Week 38 ~ October 11, 2004
~ Charon at the Birth?
We got our first delivery of cloth diapers this last week. My mom is giving me four weeks of diaper service as a gift, and I'm really looking forward to starting out right away using cloth with this little one. (When Charon was about 10 months old, we switched to cloth, and I loved them so much I wouldn't go back to disposables.) Charon helped me unpack the soft diapers, fold them, and put them on the changing table shelf. Then she decided she wanted to practice diapering a baby, so I had her get her Steve of Blue's Clues doll, who is goofy-looking but about baby-size. I showed her how to fold the diaper and put it into the cover, and then how to wrap the diaper around Steve's bottom and use the Velcro to fasten it.
Then I needed to run and answer the phone, so I told her the baby was tired now, and asked if she'd rock Steve until he fell asleep. She went to the rocking chair, and soon I heard her singing. She always ends Rock-a-Bye Baby with "And down will come baby into the mama's arms." So sweet! She rocked for quite awhile with Baby Steve in her arms.
This fascinates me because she's never been very interested in playing with baby dolls or in other babies. Now, when she sees a baby being carried about anywhere, she exclaims, "Look at that baby, Mom! Isn't s/he cute?" She is asking me a lot of questions now about Penguin's arrival, and about what we did with her as a baby. I was starting to get worried that we hadn't talked enough about this, but suddenly she is very interested.
I checked out some materials at the library to help with our discussions. The Sears books for kids have been great, plus I found a few more about how babies are made, how babies "come out," and what babies do. I leave them around the house and wait until she finds them and asks me to read them to her.
We've also watched a couple of videos of childbirth. One was a Reading Rainbow episode, focusing on the picture book, On the Day You Were Born. It's a beautiful book; my aunt gave it to me just before Charon's birth-day. After the story, the video goes on to a maternity ward at a hospital where a baby is about to be born. When they showed some children in a siblings class visiting the nursery to check out the babies, Charon said, "When are we going to the hospital to pick out Penguin?" I laughed and said, "We've already picked Penguin out, honey. Penguin's right here," and pointed to my belly. She smiled. She knows. I explained what a nursery was, and then told her that our baby would stay in the room with us as long as it was a healthy baby. I told her that Penguin would decide when it was time to go to the hospital.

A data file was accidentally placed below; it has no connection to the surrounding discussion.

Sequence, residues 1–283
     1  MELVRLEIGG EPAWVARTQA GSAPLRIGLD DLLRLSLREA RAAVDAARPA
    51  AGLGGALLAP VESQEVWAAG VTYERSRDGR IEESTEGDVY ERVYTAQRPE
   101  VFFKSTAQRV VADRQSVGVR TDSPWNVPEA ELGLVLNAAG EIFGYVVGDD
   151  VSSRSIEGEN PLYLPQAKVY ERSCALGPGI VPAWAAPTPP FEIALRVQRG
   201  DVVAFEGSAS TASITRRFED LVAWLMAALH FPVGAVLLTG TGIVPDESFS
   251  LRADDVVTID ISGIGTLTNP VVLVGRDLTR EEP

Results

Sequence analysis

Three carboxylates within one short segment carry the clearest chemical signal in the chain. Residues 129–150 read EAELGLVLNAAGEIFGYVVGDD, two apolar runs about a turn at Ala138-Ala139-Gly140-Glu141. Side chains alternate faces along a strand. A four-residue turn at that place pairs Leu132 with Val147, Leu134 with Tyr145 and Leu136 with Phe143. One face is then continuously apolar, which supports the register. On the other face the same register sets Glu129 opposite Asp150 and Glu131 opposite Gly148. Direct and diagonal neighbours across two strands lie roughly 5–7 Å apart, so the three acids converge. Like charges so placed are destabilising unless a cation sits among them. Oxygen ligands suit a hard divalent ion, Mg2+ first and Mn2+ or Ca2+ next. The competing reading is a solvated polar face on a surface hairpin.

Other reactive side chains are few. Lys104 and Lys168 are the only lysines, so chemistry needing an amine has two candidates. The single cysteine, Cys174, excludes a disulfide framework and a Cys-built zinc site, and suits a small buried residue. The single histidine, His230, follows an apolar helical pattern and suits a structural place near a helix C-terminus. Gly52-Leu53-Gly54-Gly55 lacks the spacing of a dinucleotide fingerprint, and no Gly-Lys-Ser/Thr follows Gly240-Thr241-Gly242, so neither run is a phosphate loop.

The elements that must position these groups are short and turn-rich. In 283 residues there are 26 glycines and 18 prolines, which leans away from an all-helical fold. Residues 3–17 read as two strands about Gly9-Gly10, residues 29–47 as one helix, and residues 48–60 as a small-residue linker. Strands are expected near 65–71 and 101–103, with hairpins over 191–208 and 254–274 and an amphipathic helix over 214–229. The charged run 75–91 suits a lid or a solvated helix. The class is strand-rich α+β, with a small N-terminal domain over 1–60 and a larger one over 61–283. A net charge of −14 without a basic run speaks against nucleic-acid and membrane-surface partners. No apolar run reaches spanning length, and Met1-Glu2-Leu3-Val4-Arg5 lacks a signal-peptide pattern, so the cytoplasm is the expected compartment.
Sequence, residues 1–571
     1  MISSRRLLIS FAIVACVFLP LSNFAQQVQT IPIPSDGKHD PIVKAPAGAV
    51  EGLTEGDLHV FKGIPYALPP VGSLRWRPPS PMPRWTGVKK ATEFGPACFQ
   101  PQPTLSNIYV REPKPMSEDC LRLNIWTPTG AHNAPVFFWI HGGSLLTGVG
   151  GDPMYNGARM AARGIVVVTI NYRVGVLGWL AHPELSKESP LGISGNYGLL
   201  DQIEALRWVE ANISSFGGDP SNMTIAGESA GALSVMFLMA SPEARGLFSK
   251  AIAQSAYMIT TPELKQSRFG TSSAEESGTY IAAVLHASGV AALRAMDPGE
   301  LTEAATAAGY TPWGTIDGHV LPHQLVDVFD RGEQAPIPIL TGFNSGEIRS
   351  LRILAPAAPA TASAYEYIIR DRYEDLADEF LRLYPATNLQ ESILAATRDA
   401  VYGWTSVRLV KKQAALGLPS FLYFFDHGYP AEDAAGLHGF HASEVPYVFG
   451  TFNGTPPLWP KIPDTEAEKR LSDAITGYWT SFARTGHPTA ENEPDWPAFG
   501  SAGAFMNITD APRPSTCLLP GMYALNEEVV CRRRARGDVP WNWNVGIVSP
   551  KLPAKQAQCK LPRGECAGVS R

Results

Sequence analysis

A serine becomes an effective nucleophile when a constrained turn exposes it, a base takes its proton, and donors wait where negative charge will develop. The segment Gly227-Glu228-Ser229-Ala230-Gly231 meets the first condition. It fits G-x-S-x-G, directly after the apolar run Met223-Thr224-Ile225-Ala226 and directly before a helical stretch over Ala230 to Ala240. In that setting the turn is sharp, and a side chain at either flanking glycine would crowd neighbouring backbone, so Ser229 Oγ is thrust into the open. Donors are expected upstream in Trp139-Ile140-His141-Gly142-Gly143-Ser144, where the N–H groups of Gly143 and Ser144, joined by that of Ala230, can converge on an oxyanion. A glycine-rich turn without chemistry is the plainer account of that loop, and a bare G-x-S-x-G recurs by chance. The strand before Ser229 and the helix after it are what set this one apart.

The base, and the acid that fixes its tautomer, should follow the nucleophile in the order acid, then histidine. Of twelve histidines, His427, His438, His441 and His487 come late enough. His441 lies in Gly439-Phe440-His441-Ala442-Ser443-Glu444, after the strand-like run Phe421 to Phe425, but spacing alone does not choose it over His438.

She then watched the whole birth with me, and that brought up some good things for us to talk about, too. I explained what contractions were, and told her how you could tell when a woman is experiencing one. The mother in this video was only shown laboring in bed, and I made sure Charon knew I planned to be more active in labor, moving around, leaning against things, hugging Daddy. She said, "You can hold my hand when it hurts. That will help you feel better." I also explained that where we are going, they have a birthing tub, and I will probably be spending lots of time in the water because that helps the pain a lot.
When the baby in the video was born, Charon asked about the blood on its head. "That's good blood," I explained. "It's not coming from inside the baby; the baby isn't hurt. It's the blood that helped the baby grow inside the mama. Now that the baby is coming out, that blood isn't needed anymore, and it can come out, too." "They need to clean that baby up," she decided. "They will give the baby a bath eventually. But first, it's important for the baby to be held and cuddled, to be welcomed into the world and to hear the voices that are familiar to her. We will do that with Penguin. Maybe you'd like to sing Penguin a song when you first meet him or her."